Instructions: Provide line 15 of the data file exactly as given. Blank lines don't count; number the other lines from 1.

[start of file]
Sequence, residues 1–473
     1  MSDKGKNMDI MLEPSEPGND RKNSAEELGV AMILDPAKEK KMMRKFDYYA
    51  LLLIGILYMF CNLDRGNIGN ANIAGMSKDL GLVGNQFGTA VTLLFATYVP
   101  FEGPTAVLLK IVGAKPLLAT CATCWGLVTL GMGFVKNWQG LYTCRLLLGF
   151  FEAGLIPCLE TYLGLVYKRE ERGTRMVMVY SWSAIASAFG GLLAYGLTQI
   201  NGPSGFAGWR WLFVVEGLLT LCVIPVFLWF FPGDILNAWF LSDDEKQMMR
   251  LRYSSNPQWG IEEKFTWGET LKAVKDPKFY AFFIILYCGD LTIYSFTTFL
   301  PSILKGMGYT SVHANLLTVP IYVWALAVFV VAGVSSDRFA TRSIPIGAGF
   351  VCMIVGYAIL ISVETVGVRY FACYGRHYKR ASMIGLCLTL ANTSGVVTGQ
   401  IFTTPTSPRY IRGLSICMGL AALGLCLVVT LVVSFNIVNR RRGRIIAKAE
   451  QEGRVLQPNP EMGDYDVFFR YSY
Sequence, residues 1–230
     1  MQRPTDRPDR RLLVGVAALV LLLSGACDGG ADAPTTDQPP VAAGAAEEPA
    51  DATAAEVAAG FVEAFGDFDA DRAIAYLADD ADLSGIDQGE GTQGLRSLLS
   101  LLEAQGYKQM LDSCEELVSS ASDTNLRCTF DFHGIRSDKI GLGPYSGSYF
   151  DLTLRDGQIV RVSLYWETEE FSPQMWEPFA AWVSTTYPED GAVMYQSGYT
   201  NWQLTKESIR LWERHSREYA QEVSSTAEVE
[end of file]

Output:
   101  LLEAQGYKQM LDSCEELVSS ASDTNLRCTF DFHGIRSDKI GLGPYSGSYF